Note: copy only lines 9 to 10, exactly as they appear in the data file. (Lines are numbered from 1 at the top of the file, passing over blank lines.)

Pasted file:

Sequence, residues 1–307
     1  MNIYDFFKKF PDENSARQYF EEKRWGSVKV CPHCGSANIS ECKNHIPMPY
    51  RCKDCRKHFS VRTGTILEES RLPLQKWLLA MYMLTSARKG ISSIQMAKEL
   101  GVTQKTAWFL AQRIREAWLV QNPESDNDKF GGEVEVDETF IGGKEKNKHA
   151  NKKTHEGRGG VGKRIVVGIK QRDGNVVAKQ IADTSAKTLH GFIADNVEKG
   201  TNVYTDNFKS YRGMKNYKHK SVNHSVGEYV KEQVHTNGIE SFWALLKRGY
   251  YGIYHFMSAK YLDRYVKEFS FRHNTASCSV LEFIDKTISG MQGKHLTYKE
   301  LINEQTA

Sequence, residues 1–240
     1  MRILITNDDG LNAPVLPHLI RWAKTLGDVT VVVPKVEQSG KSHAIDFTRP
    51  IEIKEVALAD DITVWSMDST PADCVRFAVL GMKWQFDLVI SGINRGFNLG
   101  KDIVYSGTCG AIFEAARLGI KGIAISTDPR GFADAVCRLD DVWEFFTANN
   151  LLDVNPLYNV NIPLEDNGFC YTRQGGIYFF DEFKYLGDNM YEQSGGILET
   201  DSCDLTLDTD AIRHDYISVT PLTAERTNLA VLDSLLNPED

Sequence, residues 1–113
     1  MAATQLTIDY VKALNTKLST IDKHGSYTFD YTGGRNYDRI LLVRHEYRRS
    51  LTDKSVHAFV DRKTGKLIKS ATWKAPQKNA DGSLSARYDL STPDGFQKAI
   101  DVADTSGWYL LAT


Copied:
Sequence, residues 1–240
     1  MRILITNDDG LNAPVLPHLI RWAKTLGDVT VVVPKVEQSG KSHAIDFTRP